CCL's June Meeting Analysis

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Description

This training reviews the June Meeting Analysis, how to use it in a meeting with a Member of Congress, the media, potential endorsers, and the larger community.

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Findings from June 2019's 526 Congressional Meetings

I. What are the most common topics raised regarding the Energy Innovation and Carbon Dividend Act, H.R. 763?

In June 2019’s 528 CCL meetings, a Representative or a Senator was present in 24% of  meetings. Compare this to our average of 16% for June 2018.

Table 1. The most common topic areas raised by Congress were the Dividend, the Border Carbon Adjustment or other countries, Endorsers for H.R. 763, the Green New Deal (GND), Bipartisanship, and Low-Income Households.  

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CCL is responding to Congress:

  • Dividend: Offices were typically asking questions about dividend administration. CCL has a study on this available on our website that includes ready-to-print forms designed to be compatible with existing IRS software. 
  • Border: Typically about competitiveness abroad, this concern misses the fact that 80% of imports to the U.S. come from countries that already have a carbon price in place.
  • Endorsers: CCL exists to create political will, and that involves lining up support for H.R. 763 in district. We’ve been doing that, and we value Congress’ input on who we should be talking to.
  • Green New Deal: H.R. 763 is not part of the Green New Deal, but they are not mutually exclusive. About half of the cosponsors on this bill also co-sponsor that resolution and about half do not. 
  • Bipartisanship: Our primary ask of all Senate offices in June and last November was to make climate a bridge issue, not a wedge issue. Staffers were interested in that approach, and we remain committed to finding a way forward with both parties on this most important issue. 
  • Low Income: About two-thirds of American households end up ahead with H.R. 763, heavily-weighted to low-income households. We just updated a Personal Carbon Dividend Calculator that enables you to look up how you or constituents in your district fare. Check it out! energyinnovationact.org/carbon-dividend-calculator/
Changes through time

Table 2: Topics through six years. ​A direct comparison between topics through six years of analysis. Percent of Congress in which a topic was reflected in the notes is reported for June 2014-2019 and arranged with the most frequently occurring topics in 2019 at the top. Red highlights indicate an increase in mentions of 3% or more from the previous year and blue highlights indicate a decrease of 3% or more. The percentages indicate total mentions divided by the number of meeting minute notes analyzed in that year, i.e., 526 in 2019, 507 in 2018, 501 in 2017, 502 in 2016, 487 in 2015, and 495 in 2014. Fewer topics were tracked in previous years, explaining why not every cell in earlier years is filled. Topics raised in fewer than 10% of offices in 2019 were not included in this table.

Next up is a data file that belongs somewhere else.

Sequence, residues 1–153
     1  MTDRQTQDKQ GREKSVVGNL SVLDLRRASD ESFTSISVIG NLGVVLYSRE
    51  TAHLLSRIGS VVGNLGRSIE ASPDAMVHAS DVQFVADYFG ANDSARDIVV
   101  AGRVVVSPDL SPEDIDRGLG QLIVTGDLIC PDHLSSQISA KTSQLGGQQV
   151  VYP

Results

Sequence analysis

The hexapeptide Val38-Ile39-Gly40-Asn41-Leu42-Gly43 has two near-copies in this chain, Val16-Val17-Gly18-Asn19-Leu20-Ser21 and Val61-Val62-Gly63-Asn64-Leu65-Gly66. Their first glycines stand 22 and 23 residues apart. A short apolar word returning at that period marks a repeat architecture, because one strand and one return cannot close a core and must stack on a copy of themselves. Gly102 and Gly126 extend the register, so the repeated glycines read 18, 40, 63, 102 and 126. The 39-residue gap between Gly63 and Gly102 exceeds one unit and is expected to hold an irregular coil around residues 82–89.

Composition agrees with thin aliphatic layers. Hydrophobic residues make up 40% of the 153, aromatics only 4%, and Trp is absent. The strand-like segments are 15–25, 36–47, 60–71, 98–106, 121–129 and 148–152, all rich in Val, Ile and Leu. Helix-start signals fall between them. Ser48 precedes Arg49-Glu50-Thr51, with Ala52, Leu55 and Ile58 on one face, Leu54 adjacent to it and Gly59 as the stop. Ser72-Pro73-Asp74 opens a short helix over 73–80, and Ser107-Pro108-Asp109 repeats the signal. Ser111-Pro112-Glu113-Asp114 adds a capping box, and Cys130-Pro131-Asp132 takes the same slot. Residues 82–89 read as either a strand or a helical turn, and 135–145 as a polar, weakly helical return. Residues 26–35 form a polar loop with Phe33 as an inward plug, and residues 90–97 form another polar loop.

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What stands out in this table is how many topics experienced a substantial (over 3%) increase in mentions from the previous year relative to other years. The simplest explanation is that having a bill out to discuss, which had never been the case before, has sharpened and focused the minds of the staffers with whom we are engaging. 

Frequently Raised Topics Resource

In addition to the information reviewed above, the CCL June Meeting Analysis reports paved the way for the creation of the Frequently Raised Topics in Lobby Meetings resource. This resource goes even more in-depth in displaying the topics that come up in all of CCL's lobby meetings and has been updated with this year's data, across party interest and committees of jurisdiction. 

How Was This Done?
  • In addition to CCL's Vice President of Government Affairs Danny Richter, this year two new analysts were trained: Taylor Krause, CCL National Partnership Outreach Coordinator, and Adeline DeYoung, CCL Legislative Assistant, to help with the process. All three analysts followed the three steps outlined below when compiling this information:
    • 1. Centralization and simplification of the notes 
    • 2. Careful reading, category determination and counting
    • 3. Analysis

Notes of Caution:

  • Meetings varied in content and duration
  • Quality of notes was variable, though much improved
  • No review and researchers not formally trained
Length
Press play to start the video (24m 38s)
https://vimeo.com/showcase/5497687
Video Outline

To skip ahead to a specific section go to the time indicated in parenthesis.

Intro & Agenda
(from beginning)

How was this done?
(3:30)

What were the most frequent topics?
(9:23)

Change of annual trends
(13:38)

Other Frequently Raised Topics (and where to find them)
(15:57)

Assessing Engagement
(21:11)

Instructor(s)
  • Adeline DeYoung
Downloads

Download PowerPoint or Google Slides presentation.

Download the video
Audio length
Press play to start the audio (24m 38s)
Audio embed code
Audio Outline

To skip ahead to a specific section go to the time indicated in parenthesis.

Intro & Agenda
(from beginning)

How was this done?
(3:30)

What were the most frequent topics?
(9:23)

Change of annual trends
(13:38)

Other Frequently Raised Topics (and where to find them)
(15:57)

Assessing Engagement
(21:11)

Instructor(s)
  • Adeline DeYoung
To Print
Instructions for printing this page on Community.
Category
Training
Topics
Lobbying Congress
Format
Audio / Video
File Type
Google Slides, PowerPoint (.pptx)